While most parents of 3- and 4-month-old infants are adoring their little one’s smiles and coos, Lehi residents Tammy and Joseph Bowers were instead coping with the fact their baby had a very rare and aggressive form of heart disease. As other babies his age were grabbing and giggling, their son, Landen Bowers, was struggling with the end stages of heart failure and a very grim prognosis.

Landen was born in 2010 with LEOPARD syndrome and given a slim shot at life beyond infancy. It took nine weeks for him to come home from the hospital, and only after doctors warned his parents that he probably wouldn’t be celebrating his first birthday.

Just one month after his homecoming, following an echocardiogram to monitor Landen’s progress, doctors told the Bowers their son was dying — they could take him home and make his life comfortable, or try for a long shot heart transplant. According to Tammy, it was at that moment the pair knew they were ready to fight for their son.

“I’m not going to take my 3-month-old baby home and wait for him to die,” Tammy said. “We had him admitted into the ICU and got him listed for a heart.”

From there it was one miracle after another for the Bowers family. Landen, also named “Lion” and given a stuffed lion to give him strength and courage in his battle, clung to life long enough to find a heart donor.

In an unconventional offer, along with the heart, the donor’s family sent a gift: a small stuffed lamb that their baby had carried.

“It’s just beautiful symbolism they gave us,” Tammy said of the gift. “(Landon’s) middle name is Lion and he had his stuffed lion in his bed the whole time he was in the NICU, at home, and in the ICU. … The stuffed lamb matched the lion perfectly, and came with a picture of their little girl holding that stuffed lamb while she was in the hospital.”

Aside from the sweet gift, Landen’s transplant itself was a miracle for the Bowers family — the first successful “incompatible” heart transplant in the state, meaning the heart, though not a match with Landen’s blood type, was accepted by his body.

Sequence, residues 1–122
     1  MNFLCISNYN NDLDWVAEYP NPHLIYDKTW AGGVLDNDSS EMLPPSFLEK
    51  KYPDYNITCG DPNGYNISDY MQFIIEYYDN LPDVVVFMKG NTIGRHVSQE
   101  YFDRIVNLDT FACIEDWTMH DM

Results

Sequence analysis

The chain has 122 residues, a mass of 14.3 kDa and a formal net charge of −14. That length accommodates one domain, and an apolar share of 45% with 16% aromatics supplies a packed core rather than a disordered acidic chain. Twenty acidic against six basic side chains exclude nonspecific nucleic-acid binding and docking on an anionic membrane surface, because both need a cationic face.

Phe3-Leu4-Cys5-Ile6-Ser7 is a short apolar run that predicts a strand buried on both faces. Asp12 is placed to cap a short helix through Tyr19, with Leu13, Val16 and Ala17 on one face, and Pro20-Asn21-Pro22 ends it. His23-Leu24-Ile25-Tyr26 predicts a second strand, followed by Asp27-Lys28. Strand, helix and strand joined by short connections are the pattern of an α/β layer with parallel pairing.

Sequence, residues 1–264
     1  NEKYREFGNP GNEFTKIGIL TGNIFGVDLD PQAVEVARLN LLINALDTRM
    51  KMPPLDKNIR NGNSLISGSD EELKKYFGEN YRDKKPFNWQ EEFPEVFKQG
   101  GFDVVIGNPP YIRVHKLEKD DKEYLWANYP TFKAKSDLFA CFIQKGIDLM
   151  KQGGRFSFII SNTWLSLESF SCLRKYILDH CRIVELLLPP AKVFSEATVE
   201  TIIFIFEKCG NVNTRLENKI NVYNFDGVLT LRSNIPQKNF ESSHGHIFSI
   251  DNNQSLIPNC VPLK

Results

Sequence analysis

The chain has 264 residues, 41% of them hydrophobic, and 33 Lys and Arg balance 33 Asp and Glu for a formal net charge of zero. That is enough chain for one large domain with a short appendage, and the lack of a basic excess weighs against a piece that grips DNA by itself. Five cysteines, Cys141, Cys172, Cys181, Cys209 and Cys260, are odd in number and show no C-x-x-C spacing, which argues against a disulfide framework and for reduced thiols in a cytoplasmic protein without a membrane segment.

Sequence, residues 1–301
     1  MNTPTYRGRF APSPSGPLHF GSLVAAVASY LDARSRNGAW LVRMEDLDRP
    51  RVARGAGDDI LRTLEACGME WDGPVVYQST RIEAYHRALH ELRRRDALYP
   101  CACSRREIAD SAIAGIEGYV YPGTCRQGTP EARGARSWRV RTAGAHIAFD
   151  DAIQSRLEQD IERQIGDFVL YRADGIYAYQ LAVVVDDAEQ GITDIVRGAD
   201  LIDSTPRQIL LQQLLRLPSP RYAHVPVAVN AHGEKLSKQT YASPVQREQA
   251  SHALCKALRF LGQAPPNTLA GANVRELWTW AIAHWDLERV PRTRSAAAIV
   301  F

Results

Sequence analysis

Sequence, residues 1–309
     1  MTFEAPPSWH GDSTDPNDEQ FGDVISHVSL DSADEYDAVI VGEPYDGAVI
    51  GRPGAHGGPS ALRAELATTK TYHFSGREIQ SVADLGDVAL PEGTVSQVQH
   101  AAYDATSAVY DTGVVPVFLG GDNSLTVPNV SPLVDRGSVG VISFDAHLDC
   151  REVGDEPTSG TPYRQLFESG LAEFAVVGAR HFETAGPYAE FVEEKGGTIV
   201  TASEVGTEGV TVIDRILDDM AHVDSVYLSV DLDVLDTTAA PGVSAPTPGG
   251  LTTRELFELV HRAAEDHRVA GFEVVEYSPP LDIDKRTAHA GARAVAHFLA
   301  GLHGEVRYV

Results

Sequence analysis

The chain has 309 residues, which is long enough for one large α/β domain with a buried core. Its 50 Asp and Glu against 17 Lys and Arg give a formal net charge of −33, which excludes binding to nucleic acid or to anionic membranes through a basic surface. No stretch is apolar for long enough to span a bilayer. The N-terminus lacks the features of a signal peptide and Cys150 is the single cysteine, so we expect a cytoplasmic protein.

It’s been nearly four years since Landen’s story began, and his parents and three siblings couldn’t be more happy that his story is still being shared.

“We are happy to say that almost after four years he is doing incredibly well, and we are grateful for every day we have with him,” Tammy said. “We have learned much over the past four years, and try to give back as much as we can to a community that has given us so much.”

Not everything is easy now for Tammy and the Bowers family, however, as Landen’s rare syndrome brings up a variety of other conditions that must still be addressed on a daily basis. From feeding tubes to leg braces, doctor visits to vital checks, Tammy’s schedule is punctuated with care items for her growing son. With so many things needing to be recorded, accomplished and continued, Tammy knew there had to be a better solution, not just for her family, but for every other family and individual dealing with a similar situation. With that thought in mind, she began the process of creating the first all-in-one medical application, The Pocket Physician.

“I knew there had to be a better way to keep track of all this medical stuff,” Tammy said.

“We have to refill medications, keep track of medical equipment, track heart rate and temperature, correspond with caregivers and keep organized a list of things to do and not to do. … I started looking on the iPhone App Store to see what apps were out there and had to download six to get just a part of what I needed. That’s where I came up with the idea for this app. A lot of people have this need.”

Through yet another series of miracles, Tammy was able to get in contact with the technology company TekVitals in Orem, and is now just months away from launching her new application.